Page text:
• Note: Four players on Sweden’s initial roster Emmy Alasalmi, Sara Grahn, Linnea Hedin and Hanna Olsson tested positive for Covid-19 and were replaced by Linnéa Andersson, Paula Bergström, Linn Peterson, and Agnes Åker.
No. Pos. Name
1 G Agnes Åker
3 D Anna Kjellbin
4 D Linnéa Andersson
5 D Johanna Fällman
8 D Ebba Berglund
9 D Jessica Adolfsson
10 D Mina Waxin
11 F Josefin Bouveng
12 D Maja Nylén Persson
13 F Emma Murén
15 F Lisa Johansson
16 F Linnea Johansson
17 F Sofie Lundin
19 F Sara Hjalmarsson
20 D Paula Bergström
22 F Linn Peterson
24 F Felizia Wikner-Zienkiewicz
25 F Lina Ljungblom
27 F Emma Nordin
28 F Michelle Löwenhielm
29 F Olivia Carlsson
30 G Emma Söderberg
35 G Ida Boman

Follow Alex Azzi on Twitter @AlexAzziNBC

NBC Sports researcher Kyle Lynch contributed to this report. 

Kaillie Humphries elevates another fresh U.S. face to podium status in two-woman bobsled World Cup

Kaillie Humphries of USA, Kaysha Love of USA in action at the 2 women's bobsleigh during Beijing 2022 Winter Olympic Games.
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PARK CITY, UTAH – Kaillie Humphries extended her podium streak on Saturday at the IBSF World Cup, where she and U.S. push athlete Jasmine Jones finished third in the two-woman bobsled.

The third-place finish in Park City marked the sixth podium for Humphries at the Park City track, which hosted the 2002 Olympics, and was Jones’ career-first World Cup podium in just her second World Cup start.

“This is our first race together, so really excited about that,” said the 37-year-old Humphries, considered the greatest female driver in history with three Olympic gold medals (2010, 2014 and 2022) and five world championships titles. She earned her 29th career World Cup win on Friday in Park City in the women’s monobob.

“Definitely a work in progress. … The runs weren’t perfect, but I’m really happy with our starts, happy with our drives minus a few little mistakes. It’s a good starting point, and we’ll look to grow from here.”

Humphries and Jones finished with a combined, two-run time of 1:37.69, 0.32 behind winners Kim Kalicki and brakewoman Leonie Fiebig of Germany at 1:37.37. Fellow Germans Laura Nolte and Lena Neunecker were second at 0.23 back.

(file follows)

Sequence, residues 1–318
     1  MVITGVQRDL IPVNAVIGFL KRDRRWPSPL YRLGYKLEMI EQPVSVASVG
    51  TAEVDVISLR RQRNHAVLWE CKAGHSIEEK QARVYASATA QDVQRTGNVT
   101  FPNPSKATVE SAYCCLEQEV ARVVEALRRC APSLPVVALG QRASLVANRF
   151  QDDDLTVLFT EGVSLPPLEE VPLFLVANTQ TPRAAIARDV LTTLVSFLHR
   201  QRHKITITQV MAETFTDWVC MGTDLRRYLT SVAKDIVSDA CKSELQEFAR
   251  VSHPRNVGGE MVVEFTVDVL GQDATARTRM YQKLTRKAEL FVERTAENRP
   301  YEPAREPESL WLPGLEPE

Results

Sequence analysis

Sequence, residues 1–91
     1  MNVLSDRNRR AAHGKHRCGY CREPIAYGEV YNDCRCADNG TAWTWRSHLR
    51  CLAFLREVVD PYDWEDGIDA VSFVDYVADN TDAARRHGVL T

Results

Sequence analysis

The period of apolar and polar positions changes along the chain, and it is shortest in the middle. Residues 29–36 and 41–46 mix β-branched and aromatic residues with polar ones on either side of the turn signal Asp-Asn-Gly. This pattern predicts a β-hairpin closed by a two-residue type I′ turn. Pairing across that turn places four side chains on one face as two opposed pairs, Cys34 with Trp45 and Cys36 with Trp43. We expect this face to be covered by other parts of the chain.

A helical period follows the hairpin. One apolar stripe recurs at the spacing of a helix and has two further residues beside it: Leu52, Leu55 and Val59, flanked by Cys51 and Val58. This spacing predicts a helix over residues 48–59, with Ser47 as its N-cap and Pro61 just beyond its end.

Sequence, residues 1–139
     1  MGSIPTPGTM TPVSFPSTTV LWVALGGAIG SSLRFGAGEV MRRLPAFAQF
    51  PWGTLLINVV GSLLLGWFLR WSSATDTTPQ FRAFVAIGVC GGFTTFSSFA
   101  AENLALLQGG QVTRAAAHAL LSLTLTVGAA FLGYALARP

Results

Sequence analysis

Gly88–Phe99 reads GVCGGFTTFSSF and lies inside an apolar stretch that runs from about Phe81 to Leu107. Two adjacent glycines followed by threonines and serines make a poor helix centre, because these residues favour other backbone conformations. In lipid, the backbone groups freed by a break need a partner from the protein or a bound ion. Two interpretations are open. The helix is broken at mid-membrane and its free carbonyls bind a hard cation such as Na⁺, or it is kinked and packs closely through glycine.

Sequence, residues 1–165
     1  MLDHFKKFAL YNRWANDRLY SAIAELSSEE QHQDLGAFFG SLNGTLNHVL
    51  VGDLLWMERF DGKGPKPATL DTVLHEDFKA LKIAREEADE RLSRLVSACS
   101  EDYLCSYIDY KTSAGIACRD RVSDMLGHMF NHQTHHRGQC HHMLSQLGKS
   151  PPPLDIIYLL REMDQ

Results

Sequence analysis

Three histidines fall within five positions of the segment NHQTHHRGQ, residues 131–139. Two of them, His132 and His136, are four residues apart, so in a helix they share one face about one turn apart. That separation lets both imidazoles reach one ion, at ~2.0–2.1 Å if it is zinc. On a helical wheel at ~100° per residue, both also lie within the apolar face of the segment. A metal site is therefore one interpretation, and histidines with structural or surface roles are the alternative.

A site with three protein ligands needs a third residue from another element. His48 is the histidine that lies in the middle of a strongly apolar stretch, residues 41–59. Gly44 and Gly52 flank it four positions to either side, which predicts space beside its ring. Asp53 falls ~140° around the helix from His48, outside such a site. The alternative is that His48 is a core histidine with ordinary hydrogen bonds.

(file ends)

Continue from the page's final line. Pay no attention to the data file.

Kalicki and Fiebig broke a 16-year-old track record with their first run, laying down a time of 48.60 seconds and besting the time set by Americans Shauna Rohbock and Valerie Fleming – the 2006 Olympic silver medalists – in December 2006 (48.73). It also marked the second straight victory for Kalicki, who’s won five career World Cup titles including last week’s two-woman bobsled race in Whistler, Canada.

“I was hoping Kaillie would get [the record],” said Rohbock, who is now a U.S. team coach and was on hand to see her record fall. “That first run there, she had that little skid in the bottom, so that didn’t help, but Kailee’s always putting up a great performance. And Jasmine, another great brakewoman, so we’re really lucky that we have that depth.”

For Team USA, it marked the second straight week that a fresh face earned her first podium finish while competing with Humphries. Last week in Whistler, push athlete Emily Renna and Humphries placed third in Renna’s first-ever World Cup appearance.

MORE IBSF WORLD CUP COVERAGE: Kelly Curtis notches career-best finish with top five at Park City skeleton World Cup

“Being able to race with her was really special,” said the 29-year-old Renna, who was a college track athlete at University of Rhode Island. “It’s really nice to be around seasoned veterans. It definitely makes you feel better in the back sled with you when you’ve got a good pilot who knows the track.”

Renna finished in eighth place in Park City with 12-year U.S. team veteran and pilot Nicole Vogt (1:39.04). Vogt partnered with Jones in her first World Cup last week where they finished seventh in Whistler, 1.33 seconds behind winners Kalicki and German teammate Anabel Galander.

“To have an opportunity to be with Kaillie in my World Cup debut – it’s exciting,” said the 26-year-old Jones, who was a collegiate track and field athlete at Eastern Michigan. “I just feel like I have so much more in the tank to give, and I’m just hungry for it.”

Jones is particularly gratified with her performance after returning full-time to bobsled less than 18 months ago following the birth of her daughter, Jade Quinn Jones, in February 2021. The Greensburg, Pa., native returned to training just five months postpartum, having sat out the 2020-21 season. She competed on the North American Cup last year, finishing the season with a win (the third NA Cup title of her career) and a third place in Lake Placid.

“I’m thankful,” said Jones. “Opportunity is the main thing, and I just feel blessed to have my first World Cup podium. I’m screaming on the inside. I may not show it, but I am jumping for joy because I’m just that excited and happy to have this accomplishment.”

She admits, however, it’s not always easy to compete balance a full-time competitive career with being a mom.

“Sometimes it’s a struggle being away from my daughter,” said Jones, whose mom takes care of Jade while she travels. “I try to get my facetimes in every night and just know that when I’m pushing, I’m doing it for her. Hopefully sometime in the future I’ll have her around on the sidelines cheering me on, and that’s my main motivation – that this is for her.”

The BMW IBSF World Cup continues its North American swing Dec. 16-18 in Lake Placid, N.Y.

Kaillie Humphries faces IVF journey head on — and collects monobob World Cup win along the way

Gold medallist Kaillie Humphries of Team United States celebrates during the Women's Monobob.